Anton Momberg. Momberg also focuses on the female nude and is an incredible realist sculptor. He is meticulous in his pieces and highly technically skilled. He also produces conceptual work and I have a definite leaning towards conceptualism in art – it to me, is what creates the communication between the artist, the piece and the viewer.
        Which South African deceased artist do you most admire and why?
        Edoardo Villa. I simply admire his tenacity, work ethic and energy – working up to his last day.

        Which exhibition that you have visited made the greatest impact on you and why?

        Durban Art Gallery -  A Brett Murry exhibition for his witty satirical work. And the fact that he is not restricted to one medium – he creates in many successfully communicating his ideas and opinions with a lightness. Also a Wim Botha exhibition in Grahamstown. Really enjoyed his experimental approach using unexpected mediums including books, milie-pap, charcoal etc. With his work too – his work challenges one and forces a response.

        Where do you get your inspiration for your work?
        Predominantly from waking dreams mixed with reference to personal experiences – my work is very often auto-biographical.

        Do you have any rituals or habits involving your art-making that you can tell us about?
        Nope, I just get on with it – it’s what I do!

        What do you like most about being an artist?

        Doing it! There is really nothing I don’t like. I love the conceptualizing in my mind initially and the ever-changing journey of actually creating the piece. I love the poetry in my head through the entire process which gets whittled down to finally the title and naming of the piece. I am very happy working on my own – and creating sculpture demands that I do.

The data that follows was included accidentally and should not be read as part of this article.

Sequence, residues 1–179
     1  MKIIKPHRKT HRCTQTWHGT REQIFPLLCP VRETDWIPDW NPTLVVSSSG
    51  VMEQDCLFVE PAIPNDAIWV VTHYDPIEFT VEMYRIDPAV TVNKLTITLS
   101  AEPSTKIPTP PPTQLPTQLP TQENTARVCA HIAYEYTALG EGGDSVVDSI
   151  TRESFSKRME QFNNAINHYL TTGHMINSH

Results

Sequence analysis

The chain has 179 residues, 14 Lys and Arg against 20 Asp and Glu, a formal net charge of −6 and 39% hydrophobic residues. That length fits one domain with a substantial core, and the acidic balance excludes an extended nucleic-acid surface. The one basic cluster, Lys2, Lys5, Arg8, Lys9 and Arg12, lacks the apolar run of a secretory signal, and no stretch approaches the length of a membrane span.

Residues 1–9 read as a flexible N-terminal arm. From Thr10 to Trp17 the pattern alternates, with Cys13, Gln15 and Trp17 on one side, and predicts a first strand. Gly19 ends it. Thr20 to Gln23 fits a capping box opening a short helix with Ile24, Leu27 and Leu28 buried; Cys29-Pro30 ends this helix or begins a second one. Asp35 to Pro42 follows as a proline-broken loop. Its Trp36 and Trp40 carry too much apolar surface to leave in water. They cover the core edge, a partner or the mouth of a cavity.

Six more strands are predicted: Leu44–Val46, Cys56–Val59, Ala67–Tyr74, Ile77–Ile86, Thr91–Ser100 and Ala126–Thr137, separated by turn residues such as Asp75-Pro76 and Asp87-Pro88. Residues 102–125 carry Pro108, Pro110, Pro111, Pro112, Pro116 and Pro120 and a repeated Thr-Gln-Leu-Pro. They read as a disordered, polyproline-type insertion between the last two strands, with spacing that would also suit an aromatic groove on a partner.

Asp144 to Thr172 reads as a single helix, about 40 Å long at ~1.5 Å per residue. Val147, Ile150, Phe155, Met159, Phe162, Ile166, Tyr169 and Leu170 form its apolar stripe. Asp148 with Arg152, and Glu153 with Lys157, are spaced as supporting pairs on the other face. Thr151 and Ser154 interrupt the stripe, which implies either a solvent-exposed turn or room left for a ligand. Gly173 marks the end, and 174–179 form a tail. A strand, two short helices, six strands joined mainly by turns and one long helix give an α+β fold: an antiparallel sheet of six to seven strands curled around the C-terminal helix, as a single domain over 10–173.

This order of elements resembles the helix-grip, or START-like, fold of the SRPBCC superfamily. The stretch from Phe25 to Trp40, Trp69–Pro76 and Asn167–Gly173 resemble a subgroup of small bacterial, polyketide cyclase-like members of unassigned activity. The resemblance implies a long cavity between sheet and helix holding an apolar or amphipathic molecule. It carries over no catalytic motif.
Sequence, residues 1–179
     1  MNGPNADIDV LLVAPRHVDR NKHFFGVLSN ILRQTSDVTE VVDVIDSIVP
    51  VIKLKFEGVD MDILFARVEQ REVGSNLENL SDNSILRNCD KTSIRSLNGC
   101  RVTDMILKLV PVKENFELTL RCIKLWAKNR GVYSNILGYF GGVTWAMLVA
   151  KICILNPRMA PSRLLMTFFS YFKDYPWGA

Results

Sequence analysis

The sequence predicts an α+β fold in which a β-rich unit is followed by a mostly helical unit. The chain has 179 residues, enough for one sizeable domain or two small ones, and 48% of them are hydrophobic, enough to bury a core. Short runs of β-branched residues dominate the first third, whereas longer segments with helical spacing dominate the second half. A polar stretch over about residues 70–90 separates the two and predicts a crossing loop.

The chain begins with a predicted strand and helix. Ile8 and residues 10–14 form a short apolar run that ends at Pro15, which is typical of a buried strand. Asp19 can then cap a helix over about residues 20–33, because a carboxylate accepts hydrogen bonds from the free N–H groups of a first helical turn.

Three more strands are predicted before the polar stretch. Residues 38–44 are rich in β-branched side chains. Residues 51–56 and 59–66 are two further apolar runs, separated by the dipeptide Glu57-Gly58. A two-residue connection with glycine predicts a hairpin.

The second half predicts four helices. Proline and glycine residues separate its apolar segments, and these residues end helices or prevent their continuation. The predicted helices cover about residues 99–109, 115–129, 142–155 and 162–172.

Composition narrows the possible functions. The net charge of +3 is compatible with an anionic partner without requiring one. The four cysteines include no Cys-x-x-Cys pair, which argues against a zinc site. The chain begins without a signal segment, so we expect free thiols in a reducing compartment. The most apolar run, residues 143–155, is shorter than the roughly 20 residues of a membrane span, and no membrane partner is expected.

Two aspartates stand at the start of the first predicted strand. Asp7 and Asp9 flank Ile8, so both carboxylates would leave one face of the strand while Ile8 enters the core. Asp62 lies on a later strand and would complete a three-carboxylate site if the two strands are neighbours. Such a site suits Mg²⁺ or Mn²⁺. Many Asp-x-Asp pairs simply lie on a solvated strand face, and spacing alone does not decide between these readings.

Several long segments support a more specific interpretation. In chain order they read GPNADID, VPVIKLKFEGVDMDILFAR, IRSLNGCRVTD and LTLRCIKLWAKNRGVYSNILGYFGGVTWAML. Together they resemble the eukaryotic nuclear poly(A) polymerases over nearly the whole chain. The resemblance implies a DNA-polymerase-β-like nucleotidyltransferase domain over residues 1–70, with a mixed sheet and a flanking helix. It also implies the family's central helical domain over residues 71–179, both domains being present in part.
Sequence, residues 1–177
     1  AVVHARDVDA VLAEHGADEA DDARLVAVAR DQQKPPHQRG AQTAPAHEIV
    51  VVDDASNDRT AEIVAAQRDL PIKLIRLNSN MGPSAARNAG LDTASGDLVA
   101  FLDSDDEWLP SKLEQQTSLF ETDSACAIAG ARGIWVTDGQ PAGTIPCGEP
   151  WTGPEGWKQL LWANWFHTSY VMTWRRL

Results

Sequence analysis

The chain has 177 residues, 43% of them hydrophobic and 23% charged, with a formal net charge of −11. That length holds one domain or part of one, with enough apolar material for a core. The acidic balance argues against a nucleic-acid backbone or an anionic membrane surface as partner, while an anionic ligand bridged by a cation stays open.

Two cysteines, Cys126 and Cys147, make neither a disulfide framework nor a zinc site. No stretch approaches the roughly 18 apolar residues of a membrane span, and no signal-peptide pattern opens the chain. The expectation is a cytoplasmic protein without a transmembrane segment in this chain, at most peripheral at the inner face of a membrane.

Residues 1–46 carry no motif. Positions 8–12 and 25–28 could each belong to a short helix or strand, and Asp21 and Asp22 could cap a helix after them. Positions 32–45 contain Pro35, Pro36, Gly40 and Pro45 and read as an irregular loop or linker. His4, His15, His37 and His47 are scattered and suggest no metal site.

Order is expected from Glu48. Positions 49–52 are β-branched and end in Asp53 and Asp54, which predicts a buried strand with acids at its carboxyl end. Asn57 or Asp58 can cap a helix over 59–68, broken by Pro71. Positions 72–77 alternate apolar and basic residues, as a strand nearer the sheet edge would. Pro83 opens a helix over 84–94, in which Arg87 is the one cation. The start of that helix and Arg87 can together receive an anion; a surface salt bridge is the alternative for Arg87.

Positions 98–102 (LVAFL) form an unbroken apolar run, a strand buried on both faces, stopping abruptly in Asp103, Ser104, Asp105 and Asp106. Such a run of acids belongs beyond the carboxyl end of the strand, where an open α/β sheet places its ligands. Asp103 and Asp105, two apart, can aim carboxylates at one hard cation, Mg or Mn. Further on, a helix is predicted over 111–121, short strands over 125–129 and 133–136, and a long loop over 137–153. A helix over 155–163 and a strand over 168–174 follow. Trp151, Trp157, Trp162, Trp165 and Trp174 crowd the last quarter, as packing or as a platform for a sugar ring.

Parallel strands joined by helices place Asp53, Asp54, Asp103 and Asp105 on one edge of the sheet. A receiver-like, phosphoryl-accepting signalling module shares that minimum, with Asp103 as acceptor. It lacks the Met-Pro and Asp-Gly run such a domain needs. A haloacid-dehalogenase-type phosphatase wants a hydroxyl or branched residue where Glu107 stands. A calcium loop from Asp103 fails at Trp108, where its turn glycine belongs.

How do you handle bad days when you experience artist's block?

        It’s really not very often that I have ‘bad’ days – it’s such a long process in sculpture that most of the days are simply spent executing the original idea. I have no problem showing up in front of an unfinished piece – it’s what excites me.

        What is your greatest achievement as an artist to date?
        Simply that I live very comfortably from the proceeds of my work.  The fact that people relate to my work is wonderful validation for me – and allows me to continue doing what I love.

        Do you feel that you want to make a difference to the world or in people's lives? If yes, how?
        Thankfully my work most definitely touches people and makes a difference in their lives . I know this because they tell me how much the work affects them and how they love living in the same space as a particular piece. I also love that people see themselves and other personal things into my pieces. The piece is bigger than me in that way – it communicates differently with different people – I like that.

        What are your plans for the coming year?
        As usual, I will be staging approximately six exhibitions, one of the exhibitions being in Germany. Apart from that I will simply be creating new sculptures and taking more risks in my work – both technically and poetically.